A definitive diagnosis of Alzheimer's disease (AD) requires histopathologic examination which is rarely done. Which tests will the nurse expect to be ordered to rule out other disorders?

Computed tomography (CT) scan
MRI of the brain
Positron emission tomography (PET) scan
Screening for vitamin B12 deficiency

Explanation

• While laboratory tests are not helpful in confirming a diagnosis of AD, some tests are indicated to exclude contributing secondary causes.

• The DSM-5 recommends MRI of the brain to rule out cerebrovascular disease, chronic subdural hematoma, cerebral neoplasm, and regional brain atrophy suggesting dementia.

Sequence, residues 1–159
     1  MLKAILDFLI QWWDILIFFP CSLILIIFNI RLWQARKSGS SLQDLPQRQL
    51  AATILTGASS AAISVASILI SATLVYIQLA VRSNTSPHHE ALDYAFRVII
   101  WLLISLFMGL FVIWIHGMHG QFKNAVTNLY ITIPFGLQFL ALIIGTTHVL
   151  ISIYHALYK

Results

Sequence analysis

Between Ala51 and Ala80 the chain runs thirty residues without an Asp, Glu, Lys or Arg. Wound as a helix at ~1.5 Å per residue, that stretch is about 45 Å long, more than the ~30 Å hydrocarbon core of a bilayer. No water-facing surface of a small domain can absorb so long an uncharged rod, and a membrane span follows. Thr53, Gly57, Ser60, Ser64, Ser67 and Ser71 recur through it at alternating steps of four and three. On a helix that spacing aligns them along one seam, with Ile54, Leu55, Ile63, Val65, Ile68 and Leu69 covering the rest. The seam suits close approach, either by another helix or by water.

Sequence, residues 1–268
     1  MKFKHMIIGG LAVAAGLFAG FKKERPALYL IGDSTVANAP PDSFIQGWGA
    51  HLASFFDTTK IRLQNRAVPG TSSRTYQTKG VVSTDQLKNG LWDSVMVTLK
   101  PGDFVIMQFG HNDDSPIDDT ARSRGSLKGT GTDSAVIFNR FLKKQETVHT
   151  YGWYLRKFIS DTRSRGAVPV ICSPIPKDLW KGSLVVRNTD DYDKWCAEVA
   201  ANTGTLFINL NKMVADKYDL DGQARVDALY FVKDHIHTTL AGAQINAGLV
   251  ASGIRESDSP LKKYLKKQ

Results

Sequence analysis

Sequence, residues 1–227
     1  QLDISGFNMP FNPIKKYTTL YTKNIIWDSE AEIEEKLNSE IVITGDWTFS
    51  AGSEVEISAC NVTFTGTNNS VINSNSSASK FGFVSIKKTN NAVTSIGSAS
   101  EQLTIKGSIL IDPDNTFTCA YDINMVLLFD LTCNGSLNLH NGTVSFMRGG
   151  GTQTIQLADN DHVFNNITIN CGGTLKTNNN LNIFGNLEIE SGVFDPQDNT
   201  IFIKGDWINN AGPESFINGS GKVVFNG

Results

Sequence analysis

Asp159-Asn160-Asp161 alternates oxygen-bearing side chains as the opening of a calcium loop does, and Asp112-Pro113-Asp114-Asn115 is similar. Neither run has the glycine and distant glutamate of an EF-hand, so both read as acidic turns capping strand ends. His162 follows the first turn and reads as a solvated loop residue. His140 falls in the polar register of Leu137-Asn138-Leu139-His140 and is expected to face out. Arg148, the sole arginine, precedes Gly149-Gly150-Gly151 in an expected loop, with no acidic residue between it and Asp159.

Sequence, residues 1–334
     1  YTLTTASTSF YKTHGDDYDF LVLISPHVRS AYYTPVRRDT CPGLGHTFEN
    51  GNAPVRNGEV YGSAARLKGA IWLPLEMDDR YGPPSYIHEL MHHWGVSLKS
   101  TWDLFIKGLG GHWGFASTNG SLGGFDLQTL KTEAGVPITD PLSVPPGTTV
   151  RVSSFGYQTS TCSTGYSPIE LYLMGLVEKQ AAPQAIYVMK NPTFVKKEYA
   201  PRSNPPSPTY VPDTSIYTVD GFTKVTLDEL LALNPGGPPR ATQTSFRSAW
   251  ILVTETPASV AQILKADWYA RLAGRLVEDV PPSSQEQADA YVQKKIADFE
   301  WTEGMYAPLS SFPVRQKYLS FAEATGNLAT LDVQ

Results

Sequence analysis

• Positron emission tomography (PET) scan measures the metabolic activity of the cerebral cortex and may help confirm early diagnosis.

Computed tomography (CT) scan may show more brain atrophy than occurs in normal aging.

• Vitamin B12 deficiency can cause reversible memory and attention problems.

• Incorrect: Tensilon test confirms the diagnosis of myasthenia gravis.

• Incorrect: Oral cholecystography confirms the presence of gallstones.

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